Shah lauds Adityanath on law and order
Union Home Minister Amit Shah on Sunday heaped praise on Uttar Pradesh Chief Minister Yogi Adityanath. Justifying the decision to pick him for the top job in the State, Mr. Shah said what Mr. Adityanath lacked in administrative experience, he made up with his dedication and work ethic.
The Minister said Mr. Adityanath’s performance had proved that the decision despite him never holding the post of a Minister or even running a municipality, was uchit (justified).
Mr. Shah was speaking at a groundbreaking ceremony for 250 investment projects worth â‚¹65,000 crore with Mr. Adityanath also present.
Mr. Shah said U.P. had witnessed a number of changes under Mr. Adityanath, the prime among them being the “good” law and order situation and the flurry of investments.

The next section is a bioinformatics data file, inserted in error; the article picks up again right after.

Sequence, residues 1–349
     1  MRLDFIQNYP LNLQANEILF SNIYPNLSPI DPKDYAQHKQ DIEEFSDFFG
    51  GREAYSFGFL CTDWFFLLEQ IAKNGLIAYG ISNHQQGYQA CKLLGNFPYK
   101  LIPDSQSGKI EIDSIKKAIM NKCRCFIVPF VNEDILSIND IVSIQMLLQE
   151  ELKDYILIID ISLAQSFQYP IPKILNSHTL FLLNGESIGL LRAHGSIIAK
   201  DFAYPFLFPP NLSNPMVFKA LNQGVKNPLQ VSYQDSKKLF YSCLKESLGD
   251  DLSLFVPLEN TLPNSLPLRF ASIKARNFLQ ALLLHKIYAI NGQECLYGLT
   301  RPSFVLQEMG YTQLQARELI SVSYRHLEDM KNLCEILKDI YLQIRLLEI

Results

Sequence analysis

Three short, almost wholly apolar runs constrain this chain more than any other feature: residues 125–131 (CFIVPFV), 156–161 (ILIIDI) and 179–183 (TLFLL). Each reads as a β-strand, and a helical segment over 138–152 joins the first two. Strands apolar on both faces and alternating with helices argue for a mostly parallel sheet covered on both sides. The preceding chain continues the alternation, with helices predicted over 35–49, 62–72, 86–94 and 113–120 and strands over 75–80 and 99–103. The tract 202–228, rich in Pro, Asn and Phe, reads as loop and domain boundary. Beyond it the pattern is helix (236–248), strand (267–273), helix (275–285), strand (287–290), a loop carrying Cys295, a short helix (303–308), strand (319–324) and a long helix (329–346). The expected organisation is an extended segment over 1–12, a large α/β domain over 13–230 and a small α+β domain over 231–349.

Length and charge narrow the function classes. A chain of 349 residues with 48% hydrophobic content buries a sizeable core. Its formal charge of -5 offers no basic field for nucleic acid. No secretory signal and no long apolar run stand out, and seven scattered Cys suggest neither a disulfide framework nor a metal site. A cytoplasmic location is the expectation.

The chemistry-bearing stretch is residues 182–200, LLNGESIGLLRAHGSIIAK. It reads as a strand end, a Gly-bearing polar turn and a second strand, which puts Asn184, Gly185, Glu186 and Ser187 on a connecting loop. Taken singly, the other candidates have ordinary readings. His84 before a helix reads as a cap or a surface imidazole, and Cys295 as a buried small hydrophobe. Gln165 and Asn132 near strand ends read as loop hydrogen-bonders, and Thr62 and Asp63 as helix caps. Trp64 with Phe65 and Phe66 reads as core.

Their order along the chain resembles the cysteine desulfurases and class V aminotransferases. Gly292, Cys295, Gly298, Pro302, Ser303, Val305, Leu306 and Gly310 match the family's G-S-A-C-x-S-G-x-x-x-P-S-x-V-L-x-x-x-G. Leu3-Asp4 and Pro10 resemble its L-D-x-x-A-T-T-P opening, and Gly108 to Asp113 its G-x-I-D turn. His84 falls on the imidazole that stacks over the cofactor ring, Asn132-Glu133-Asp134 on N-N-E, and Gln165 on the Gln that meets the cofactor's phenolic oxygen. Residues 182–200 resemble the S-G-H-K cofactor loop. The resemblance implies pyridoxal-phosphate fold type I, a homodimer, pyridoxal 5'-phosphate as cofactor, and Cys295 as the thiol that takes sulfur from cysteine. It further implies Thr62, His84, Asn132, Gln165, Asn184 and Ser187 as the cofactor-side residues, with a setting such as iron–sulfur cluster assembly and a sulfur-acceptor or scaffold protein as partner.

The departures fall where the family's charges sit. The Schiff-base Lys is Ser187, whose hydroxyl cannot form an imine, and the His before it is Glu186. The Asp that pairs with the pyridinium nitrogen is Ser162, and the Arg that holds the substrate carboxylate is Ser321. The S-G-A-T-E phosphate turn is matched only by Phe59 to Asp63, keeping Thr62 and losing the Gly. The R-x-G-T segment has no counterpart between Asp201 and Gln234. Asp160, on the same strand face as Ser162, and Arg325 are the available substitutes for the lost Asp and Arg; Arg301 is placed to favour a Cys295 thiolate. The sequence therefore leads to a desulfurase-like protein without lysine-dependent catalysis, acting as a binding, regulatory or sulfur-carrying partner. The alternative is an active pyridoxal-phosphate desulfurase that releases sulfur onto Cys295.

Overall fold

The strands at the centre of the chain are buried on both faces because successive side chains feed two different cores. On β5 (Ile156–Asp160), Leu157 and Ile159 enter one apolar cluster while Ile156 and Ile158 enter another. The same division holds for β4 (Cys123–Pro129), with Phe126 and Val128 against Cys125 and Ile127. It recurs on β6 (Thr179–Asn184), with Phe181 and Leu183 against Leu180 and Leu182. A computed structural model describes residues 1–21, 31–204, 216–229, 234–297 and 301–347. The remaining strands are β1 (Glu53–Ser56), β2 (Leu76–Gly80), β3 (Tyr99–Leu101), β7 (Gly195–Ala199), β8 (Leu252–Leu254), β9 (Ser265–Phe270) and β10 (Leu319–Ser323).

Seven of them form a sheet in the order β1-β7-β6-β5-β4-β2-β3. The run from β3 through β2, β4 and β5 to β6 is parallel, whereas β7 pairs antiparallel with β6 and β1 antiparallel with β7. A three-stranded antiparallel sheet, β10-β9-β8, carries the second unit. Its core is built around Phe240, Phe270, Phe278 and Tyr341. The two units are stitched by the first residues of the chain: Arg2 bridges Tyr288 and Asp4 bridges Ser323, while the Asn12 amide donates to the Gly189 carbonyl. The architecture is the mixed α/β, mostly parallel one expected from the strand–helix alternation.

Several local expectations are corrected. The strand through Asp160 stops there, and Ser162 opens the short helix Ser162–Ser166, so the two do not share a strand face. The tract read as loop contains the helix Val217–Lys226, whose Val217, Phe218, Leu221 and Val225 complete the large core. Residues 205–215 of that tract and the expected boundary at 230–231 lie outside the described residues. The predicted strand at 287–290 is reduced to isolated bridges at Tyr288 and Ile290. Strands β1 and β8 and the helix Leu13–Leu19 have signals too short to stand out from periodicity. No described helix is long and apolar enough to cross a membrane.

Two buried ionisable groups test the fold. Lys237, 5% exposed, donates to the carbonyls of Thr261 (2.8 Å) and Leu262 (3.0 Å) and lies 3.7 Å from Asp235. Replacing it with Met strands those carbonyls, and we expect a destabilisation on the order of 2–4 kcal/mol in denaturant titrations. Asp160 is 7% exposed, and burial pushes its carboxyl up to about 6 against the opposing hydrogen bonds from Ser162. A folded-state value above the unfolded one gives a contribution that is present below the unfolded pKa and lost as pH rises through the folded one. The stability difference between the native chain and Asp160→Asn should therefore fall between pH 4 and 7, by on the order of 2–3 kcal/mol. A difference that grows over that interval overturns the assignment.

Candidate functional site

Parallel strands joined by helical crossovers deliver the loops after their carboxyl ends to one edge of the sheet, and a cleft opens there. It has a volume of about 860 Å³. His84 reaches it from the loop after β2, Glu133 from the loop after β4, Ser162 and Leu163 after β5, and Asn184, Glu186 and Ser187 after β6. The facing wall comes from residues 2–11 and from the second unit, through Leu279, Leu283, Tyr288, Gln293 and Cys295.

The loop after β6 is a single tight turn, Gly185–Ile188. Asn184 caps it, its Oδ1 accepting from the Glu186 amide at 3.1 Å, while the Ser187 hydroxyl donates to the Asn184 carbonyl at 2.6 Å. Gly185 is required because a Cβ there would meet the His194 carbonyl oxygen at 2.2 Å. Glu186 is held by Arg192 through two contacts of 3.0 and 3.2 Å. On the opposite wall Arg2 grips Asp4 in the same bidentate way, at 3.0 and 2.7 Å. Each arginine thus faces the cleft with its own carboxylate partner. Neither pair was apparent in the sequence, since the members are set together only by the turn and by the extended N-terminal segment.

Acknowledging that the “biggest obstacle” for those wanting to invest in the State was its law and order situation, Mr. Shah said in just two years, the State had witnessed a zameen asmaan ka farq (sea change) on that front. Mr. Adityanath said the investment of â‚¹65,000 crore would generate three lakh jobs in the State.